Community Connect

Office of the Vice President for Community Services

Social Work

Mind, Body, Spirit

UTSA social work students adopt a holistic approach to educate a community on finding balance to maintain health


Assistant Professor Emmett Gill watches his social work students as they engage with local residents at the Madonna Neighborhood Center.

Imagine a gymnast walking on the balance beam during a national competition. She’s delicately taking the right steps with the perfect rhythmic balance without falling from the beam. In order to stay focused, she uses her body, her mind, her emotions and her spirit to successfully stay balanced and ultimately complete her routine.

Maintaining optimal health is like walking on a balance beam. You must feed your mind, your body and your spirit to achieve the proper balance in life. A group of UTSA master of social work students—in conjunction with the Madonna Neighborhood Center in the Edgewood Independent School District on San Antonio’s west side—is working hard to help children and adults adopt a healthy lifestyle and find their balance in life.

In fall 2014, UTSA social work students teamed with community agencies for a semester-long health-based public awareness and advocacy effort designed to promote healthier lifestyles for Edgewood children. This student group, Transform Your Health SA, tackled the rising obesity rates cited by the Centers for Disease Control and Prevention.

More than 39 percent of Latino children ages 2 to 19 are overweight or obese, compared to almost 32 percent of all U.S. children. Emmett Gill’s Advanced Communities Class is doing something about it. It started with raising money through UTSA’s crowdfunding website, Launch UTSA. During the fall 2014, Transform Your Health SA raised more than $1,500 to provide sports and playground equipment for the Madonna Neighborhood Center.

Gill and his class used mapping techniques to determine that Edgewood ISD has a significantly higher number of children at an unhealthy weight than other school districts. According to a study conducted in 2009 by public health consultant Fernando A. Guerra, 42 percent of students at Edgewood ISD are obese or overweight.

For the spring 2015 semester, Transform Your Health SA met families in Edgewood during weekly meetings to listen to their concerns and their ideas on improving their community. One of the residents, Martha Castilla, who is also the program director at the Madonna Center with 15 years of experience working in the Edgewood district, states that the social work students have been a very valuable asset because the center suffers from not having enough volunteers. “When you all come here, it’s like leveraging resources,” she says.

Students show parents in the Edgewood ISD who attend a weekly meeting how they can access services to improve their children's nutrition and activity levels.

Castilla supports the holistic approach to preventing obesity and breaking the cycle. “You must feed your mind, your body and your spirit,” she explains. “Once you build trust and equity with your members, then you can get to the root of the problem.”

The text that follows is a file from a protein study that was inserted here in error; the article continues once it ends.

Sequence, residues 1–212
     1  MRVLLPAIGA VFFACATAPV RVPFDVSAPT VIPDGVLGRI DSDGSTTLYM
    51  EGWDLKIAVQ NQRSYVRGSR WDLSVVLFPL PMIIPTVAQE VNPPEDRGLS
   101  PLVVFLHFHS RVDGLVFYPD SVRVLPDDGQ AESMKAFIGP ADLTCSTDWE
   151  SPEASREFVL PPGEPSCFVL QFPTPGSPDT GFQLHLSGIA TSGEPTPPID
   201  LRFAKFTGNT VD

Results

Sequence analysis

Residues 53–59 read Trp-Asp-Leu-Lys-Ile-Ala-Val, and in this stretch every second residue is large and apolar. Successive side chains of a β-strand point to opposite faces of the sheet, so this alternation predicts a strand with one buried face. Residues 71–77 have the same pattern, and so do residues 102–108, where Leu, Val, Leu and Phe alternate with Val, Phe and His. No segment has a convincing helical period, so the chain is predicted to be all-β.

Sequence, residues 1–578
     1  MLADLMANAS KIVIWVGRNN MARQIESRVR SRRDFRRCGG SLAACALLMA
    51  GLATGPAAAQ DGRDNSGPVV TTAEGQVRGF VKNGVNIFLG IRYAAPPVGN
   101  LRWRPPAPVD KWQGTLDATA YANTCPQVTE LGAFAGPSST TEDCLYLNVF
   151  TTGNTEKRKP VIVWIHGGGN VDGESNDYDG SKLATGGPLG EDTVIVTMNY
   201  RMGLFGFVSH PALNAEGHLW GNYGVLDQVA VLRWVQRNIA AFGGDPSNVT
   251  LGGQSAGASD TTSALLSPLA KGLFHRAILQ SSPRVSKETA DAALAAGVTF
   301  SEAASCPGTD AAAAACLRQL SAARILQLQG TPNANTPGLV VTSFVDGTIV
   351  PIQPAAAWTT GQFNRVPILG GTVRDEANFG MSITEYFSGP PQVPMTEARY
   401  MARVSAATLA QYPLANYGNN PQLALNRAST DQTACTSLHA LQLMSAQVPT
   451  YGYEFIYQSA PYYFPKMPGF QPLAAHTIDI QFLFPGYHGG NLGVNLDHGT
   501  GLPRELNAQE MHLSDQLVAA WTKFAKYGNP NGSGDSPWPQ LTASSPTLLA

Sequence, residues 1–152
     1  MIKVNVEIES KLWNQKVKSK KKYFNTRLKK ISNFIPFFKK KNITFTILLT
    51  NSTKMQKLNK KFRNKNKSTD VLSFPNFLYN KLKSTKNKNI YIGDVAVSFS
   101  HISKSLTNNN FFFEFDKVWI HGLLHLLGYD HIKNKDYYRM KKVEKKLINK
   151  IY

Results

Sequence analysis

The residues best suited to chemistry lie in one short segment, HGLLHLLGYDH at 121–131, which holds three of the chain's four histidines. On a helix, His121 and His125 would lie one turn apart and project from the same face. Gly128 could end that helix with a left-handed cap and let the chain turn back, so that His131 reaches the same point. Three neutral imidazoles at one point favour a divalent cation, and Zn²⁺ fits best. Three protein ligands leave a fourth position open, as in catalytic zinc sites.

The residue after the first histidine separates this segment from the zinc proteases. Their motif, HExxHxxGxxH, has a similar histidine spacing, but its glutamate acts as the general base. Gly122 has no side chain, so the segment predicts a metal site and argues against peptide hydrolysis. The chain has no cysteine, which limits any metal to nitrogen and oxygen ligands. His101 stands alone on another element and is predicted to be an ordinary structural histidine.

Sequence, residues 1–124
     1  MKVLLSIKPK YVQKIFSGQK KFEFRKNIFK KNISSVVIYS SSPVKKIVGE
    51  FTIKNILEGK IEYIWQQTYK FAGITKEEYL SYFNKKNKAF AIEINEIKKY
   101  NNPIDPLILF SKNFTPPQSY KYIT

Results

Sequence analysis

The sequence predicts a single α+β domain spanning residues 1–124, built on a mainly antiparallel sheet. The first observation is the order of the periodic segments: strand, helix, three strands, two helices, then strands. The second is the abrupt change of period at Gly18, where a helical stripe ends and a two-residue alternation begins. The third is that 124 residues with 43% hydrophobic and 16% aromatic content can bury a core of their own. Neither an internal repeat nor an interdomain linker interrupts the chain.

The UTSA students learn the residents are concerned about how difficult it is to afford healthier meal options. The residents say it’s hard to cook because there is not enough time, especially when parents have to work. One resident states that it’s easier to go to a fast food restaurant. As kids get used to eating processed and fast foods, it’s hard to break the cycle because when they are introduced to healthy meals, they don’t like the taste.

The Transform Your Health SA students hope to break the cycle of poor nutrition and inactivity. The group has organized activities and events through its Facebook page to highlight healthy eating habits and the benefits of exercise. “Some people don’t have the education to make healthier eating choices,” says UTSA social work graduate student Roylee Soliz.

The group knows that a broad call to action is necessary. “There is a sense of community involvement with the stores we go to,” says Eva Rodriguez, social work student, “The people are open and friendly and they want to help the residents in their community.” The group has organized activities and events through its Facebook page to highlight healthy eating habits and the benefits of exercise.

To engage with the community, the students host run-walk events to increase exercise and fitness options. According to Gill, one man who had been walking along the trail felt uplifted because he lost nearly 200 pounds.

“The students added a little spark to the Madonna Center,” Gill says. “They are building partnerships with other organizations who are willing to help, talking with the baseball coaches and building relationships.”

Gill further talks about the importance of sustained effort: “Changing people’s thoughts and efforts takes time, but one of the greatest outcomes we have achieved thus far is that we’re calling the Edgewood community members by their first name. At the end of the day, any way you mention it, that goes a long way.”